The SPD politician Egon Bahr once said: “International politics is never about democracy, but about the interests of states.” What does the Ukraine war look like from these perspectives?
In his heyday, the Social Democrat Egon Bahr headed the planning staff in Willy Brandt’s Foreign Office. He belonged to the rare species of Realpolitiker.
The mechanics of power fascinated him, he took the rest for political icing. The term “value-oriented foreign policy” would never have crossed his lips.
Unforgotten how he introduced a school class to his understanding of politics with clear words: “International politics is never about democracy or human rights. It is about the interests of states. Remember that no matter what you are told in history class.”
If we examine our current foreign policy relations with Egon Bahr’s x-ray vision, the relationship with the United States of America in particular would have to be reassessed.
A European self-interest would become visible that stands in contrast to the soulful pledges of allegiance of the transatlantic community:
1. USA vs Europe at Big Tech. Regardless of the loss, the data of European Internet users is sucked off by Google, Facebook and Co. and used commercially.
The profits are made in the USA, so that the local tax authorities do not really benefit either. The market capitalization of internet giants tells the story of an American high-tech tech monopoly.
2. The Inflation Reduction Act has little to do with fighting inflation. IRA is the code name for the largest industrial poaching offer that a nation has ever submitted to another economic area.
With incentive premiums in the order of 370 billion US dollars, which corresponds to three times the annual profit of all DAX 40 companies, European industrial companies of the energy-intensive variety are to be tempted to relocate production to the USA. RWE and Siemens have already succumbed to the charm of the high subsidies.
3. A sea, air, and land war against Putin is in America’s interest, but not in Europe’s. For the Americans, the military exchange in Ukraine is a good opportunity to give a push to the Russian autocrat.
Joe Biden said in front of the Warsaw City Palace a month after the war began that it was about a “great battle between democracy and autocracy, between freedom and oppression, between a rules-based order and one ruled by brute force.”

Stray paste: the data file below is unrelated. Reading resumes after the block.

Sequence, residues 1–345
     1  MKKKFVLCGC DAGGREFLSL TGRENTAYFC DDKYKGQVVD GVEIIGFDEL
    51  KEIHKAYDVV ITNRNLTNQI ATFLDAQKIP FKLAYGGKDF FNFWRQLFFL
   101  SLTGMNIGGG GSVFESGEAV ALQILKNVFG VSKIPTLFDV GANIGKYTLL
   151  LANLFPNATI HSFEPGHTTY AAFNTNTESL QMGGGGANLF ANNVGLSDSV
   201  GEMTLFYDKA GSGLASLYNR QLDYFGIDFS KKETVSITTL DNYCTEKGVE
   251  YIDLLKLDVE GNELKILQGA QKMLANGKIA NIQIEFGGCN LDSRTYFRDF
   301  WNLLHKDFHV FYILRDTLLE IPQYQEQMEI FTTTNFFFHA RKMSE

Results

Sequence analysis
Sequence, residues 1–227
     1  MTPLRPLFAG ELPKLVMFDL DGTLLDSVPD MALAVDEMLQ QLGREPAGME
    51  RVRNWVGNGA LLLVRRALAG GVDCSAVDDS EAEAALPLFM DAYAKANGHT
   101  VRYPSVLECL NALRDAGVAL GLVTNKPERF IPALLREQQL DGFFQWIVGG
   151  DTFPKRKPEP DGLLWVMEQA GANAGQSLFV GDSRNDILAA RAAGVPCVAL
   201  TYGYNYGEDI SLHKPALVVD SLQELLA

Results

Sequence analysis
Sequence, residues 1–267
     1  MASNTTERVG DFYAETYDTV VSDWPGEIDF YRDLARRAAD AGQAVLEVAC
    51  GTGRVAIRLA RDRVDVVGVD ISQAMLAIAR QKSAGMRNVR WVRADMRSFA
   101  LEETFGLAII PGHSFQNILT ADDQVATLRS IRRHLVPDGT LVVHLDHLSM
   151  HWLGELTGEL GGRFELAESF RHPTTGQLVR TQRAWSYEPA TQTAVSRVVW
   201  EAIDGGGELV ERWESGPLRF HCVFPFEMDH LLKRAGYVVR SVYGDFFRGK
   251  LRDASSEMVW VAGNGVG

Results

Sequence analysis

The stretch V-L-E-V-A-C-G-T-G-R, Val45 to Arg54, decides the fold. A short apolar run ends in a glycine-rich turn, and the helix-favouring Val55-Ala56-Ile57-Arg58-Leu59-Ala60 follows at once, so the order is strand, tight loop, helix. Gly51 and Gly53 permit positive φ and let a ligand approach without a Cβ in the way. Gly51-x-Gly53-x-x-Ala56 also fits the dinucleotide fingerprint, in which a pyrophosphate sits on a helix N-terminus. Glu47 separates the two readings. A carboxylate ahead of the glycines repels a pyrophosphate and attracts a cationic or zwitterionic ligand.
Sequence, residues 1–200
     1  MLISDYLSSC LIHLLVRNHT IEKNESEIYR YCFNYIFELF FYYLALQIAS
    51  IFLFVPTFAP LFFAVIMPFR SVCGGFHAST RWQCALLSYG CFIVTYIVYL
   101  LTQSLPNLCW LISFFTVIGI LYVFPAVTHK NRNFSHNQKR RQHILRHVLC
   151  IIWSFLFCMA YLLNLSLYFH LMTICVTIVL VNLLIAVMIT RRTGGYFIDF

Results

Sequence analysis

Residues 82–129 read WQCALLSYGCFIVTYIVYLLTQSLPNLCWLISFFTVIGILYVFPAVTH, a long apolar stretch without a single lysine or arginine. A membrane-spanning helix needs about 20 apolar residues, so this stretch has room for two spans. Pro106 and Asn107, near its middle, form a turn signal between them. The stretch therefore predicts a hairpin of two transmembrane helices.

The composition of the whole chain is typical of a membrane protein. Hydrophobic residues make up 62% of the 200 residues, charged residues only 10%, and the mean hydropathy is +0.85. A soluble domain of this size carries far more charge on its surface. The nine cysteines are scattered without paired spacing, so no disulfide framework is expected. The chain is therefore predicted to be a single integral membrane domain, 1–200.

It’s easy for the man to talk: the dispute with Putin, around 5,000 nautical miles from home territory and without the deployment of a single US soldier on the ground, is a best-case scenario for the Americans.
Putin pays with lives, Biden with money. With the stroke of a pen, Putin loses all of his European customers, who now buy their oil and gas from Uncle Sam.
From the American point of view, the economic record of the war so far can be summarized as follows: When cannonballs thunder in Eastern Europe, the cash register rings in America. It even rings twice: once for the armaments industry and then for the energy companies.
4. An economic war against China – keyword decoupling – benefits the Americans and harms the Europeans. The reason: America has the world’s largest domestic market – measured in dollars – and lost its role as the world’s largest exporter decades ago.
Germany and China, on the other hand, have grown into this role, which doesn’t ruin the American economy, but it hurts.
A decoupling would devalue European-Chinese economic relations. Klaus von Dohnanyi wrote in his book “National Interests” in relation to American policy on China: “The United States has a tradition of covering up its power interests with humanitarian arguments and must not deceive us.”
5. Americans’ reputations have been badly damaged in much of the world. Unlike immediately after World War II, being your ally and friend is by no means a pass for an honorable reputation and good business.
The CIA-managed coup in Iran, eliminating a democratically elected government in favor of the Shah of Iran, ended 26 years later in the ayatollahs’ victory.
The Vietnam War, the invasion of Iraq and the 20-year occupation of Afghanistan have damaged enthusiasm for the West.
You can’t credibly promote the rule of law, women’s equality and freedom of expression at the point of a machine gun. Indian writer Pankaj Mishra wrote on Bloomberg yesterday:
“There is no sign that the people and governments of the Global South, who are suffering most from the economic fallout from the war, are turning firmly against Putin, or that the majority of the world’s population sees Russia’s attack on Ukraine as qualitatively different from the US -invasion of Iraq. In India, which is said to be allied with the West, more respondents blamed NATO or the US for the war in Ukraine than Russia in a recent poll.”
Conclusion: This high-tension world could use a mediator between the worlds – a mediator, not a dream dancer. Europe, if not defined as a derivative of US interests, would have a lot to offer the world.
Or as Klaus von Dohnanyi writes: “Brussels often treats Europe too lightly.” This laconic remark would have pleased someone like Egon Bahr.
Gabor Steingart is one of the best-known journalists in the country. He publishes the newsletter The Pioneer Briefing. The podcast of the same name is Germany’s leading daily podcast for politics and business. Since May 2020, Steingart has been working with his editorial staff on the ship “The Pioneer One”. Before founding Media Pioneer, Steingart was, among other things, Chairman of the Management Board of the Handelsblatt Media Group. You can subscribe to his free newsletter here.